This medication is available under multiple brand names and/or in several different forms. Any specific brand name of this medication may not be available in all of the forms listed here. The forms available for the specific brand you have searched are listed under "What form(s) does this medication come in?"

Do not dispose of medications in wastewater (e.g. down the sink or in the toilet) or in household garbage. Ask your pharmacist how to dispose of medications that are no longer needed or have expired.

Who should NOT take this medication?

Propranolol should not be taken by anyone who:

  • is allergic to propranolol or to any of the ingredients of the medication
  • is in cardiogenic shock
  • has a severely slow heart rate
  • has allergic rhinitis during the pollen season
  • has asthma or severe chronic obstructive respiratory diseases (e.g., emphysema, chronic bronchitis)
  • has overt heart failure
  • has right ventricular failure secondary to pulmonary hypertension (excessive blood pressure in the lungs)
  • has serious heart block (second- and third-degree AV block)
  • has severe circulatory disorders

What side effects are possible with this medication?

Many medications can cause side effects. A side effect is an unwanted response to a medication when it is taken in normal doses. Side effects can be mild or severe, temporary or permanent. The side effects listed below are not experienced by everyone who takes this medication. If you are concerned about side effects, discuss the risks and benefits of this medication with your doctor.

The following side effects have been reported by at least 1% of people taking this medication. Many of these side effects can be managed, and some may go away on their own over time.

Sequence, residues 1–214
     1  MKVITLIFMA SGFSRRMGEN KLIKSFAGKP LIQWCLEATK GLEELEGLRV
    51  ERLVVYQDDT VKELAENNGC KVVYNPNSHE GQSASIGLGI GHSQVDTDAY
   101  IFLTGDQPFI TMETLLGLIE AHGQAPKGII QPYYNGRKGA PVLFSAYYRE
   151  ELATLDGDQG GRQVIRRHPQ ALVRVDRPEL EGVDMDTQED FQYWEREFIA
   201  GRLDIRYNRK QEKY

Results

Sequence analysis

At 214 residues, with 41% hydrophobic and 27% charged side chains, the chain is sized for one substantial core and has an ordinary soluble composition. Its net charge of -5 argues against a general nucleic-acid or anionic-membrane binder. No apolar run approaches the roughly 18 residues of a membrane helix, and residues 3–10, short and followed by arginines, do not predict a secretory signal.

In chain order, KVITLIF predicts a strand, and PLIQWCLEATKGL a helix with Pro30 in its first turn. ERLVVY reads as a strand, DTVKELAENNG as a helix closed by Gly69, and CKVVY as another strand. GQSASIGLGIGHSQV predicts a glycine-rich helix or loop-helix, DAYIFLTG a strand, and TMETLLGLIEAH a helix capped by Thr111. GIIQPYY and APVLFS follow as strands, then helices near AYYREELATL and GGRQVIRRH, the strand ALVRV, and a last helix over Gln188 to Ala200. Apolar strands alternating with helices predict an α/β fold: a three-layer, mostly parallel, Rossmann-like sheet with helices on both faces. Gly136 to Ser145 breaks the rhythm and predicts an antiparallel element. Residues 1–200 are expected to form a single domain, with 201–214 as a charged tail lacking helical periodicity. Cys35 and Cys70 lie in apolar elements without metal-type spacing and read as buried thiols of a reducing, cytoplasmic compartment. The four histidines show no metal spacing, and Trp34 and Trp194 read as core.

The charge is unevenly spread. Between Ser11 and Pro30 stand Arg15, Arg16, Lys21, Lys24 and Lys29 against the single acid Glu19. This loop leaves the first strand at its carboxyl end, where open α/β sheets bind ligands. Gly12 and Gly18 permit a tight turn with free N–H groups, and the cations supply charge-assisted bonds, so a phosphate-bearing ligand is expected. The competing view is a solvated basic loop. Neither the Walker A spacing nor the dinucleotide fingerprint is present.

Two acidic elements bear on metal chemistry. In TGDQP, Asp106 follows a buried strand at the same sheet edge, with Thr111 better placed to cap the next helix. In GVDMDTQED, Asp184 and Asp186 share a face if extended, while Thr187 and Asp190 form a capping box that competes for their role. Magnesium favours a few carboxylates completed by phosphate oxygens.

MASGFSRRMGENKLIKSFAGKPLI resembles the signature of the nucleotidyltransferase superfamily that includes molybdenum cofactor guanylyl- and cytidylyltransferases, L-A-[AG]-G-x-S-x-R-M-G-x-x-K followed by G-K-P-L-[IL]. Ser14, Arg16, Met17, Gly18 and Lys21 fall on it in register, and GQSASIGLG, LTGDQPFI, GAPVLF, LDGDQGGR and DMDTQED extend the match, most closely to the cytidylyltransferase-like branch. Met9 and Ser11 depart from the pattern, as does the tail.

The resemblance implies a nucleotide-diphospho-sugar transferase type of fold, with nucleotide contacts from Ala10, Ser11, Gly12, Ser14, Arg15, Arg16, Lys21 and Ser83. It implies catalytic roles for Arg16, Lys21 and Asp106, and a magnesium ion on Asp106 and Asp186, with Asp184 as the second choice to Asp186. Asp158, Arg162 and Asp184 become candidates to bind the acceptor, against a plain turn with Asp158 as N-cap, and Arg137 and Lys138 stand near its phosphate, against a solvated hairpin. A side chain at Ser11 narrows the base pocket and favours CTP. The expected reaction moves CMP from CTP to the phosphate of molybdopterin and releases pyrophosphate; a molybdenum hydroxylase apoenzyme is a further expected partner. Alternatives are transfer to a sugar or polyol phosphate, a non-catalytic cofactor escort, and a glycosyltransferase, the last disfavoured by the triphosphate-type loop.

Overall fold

Contact your doctor if you experience these side effects and they are severe or bothersome. Your pharmacist may be able to advise you on managing side effects.

  • dizziness or lightheadedness
  • drowsiness (slight)
  • hives
  • itching of skin
  • skin rash
  • unusual tiredness or weakness

Although most of these side effects listed below don't happen very often, they could lead to serious problems if you do not check with your doctor or seek medical attention.

Check with your doctor as soon as possible if any of the following side effects occur:

  • back or joint pain
  • breathing difficulty or wheezing
  • chest pain
  • cold hands and feet
  • confusion
  • depression
  • dizziness upon arising (orthostatic hypotension)
  • fever and sore throat
  • hallucinations
  • irregular heartbeat
  • red, scaling, or crusted skin
  • shortness of breath
  • slow heartbeat (especially less than 50 beats per minute)
  • skin rash
  • swelling of ankles, feet, or lower legs
  • unusual bleeding or bruising

Some people may experience side effects other than those listed. Check with your doctor if you notice any symptom that worries you while you are taking this medication.

Are there any other precautions or warnings for this medication?

Before you begin using a medication, be sure to inform your doctor of any medical conditions or allergies you may have, any medications you are taking, whether you are pregnant or breast-feeding, and any other significant facts about your health. These factors may affect how you should use this medication.

Breathing problems: People with asthma and certain other breathing problems should not take propranolol.

Congestive heart failure: People with congestive heart failure should not take propranolol.

Diabetes: The signs of low blood sugar may not be as noticeable when taking propranolol. People with diabetes who take insulin or other medications that work by reducing the sugar in the blood should be cautious and monitor blood sugar carefully while taking this medication.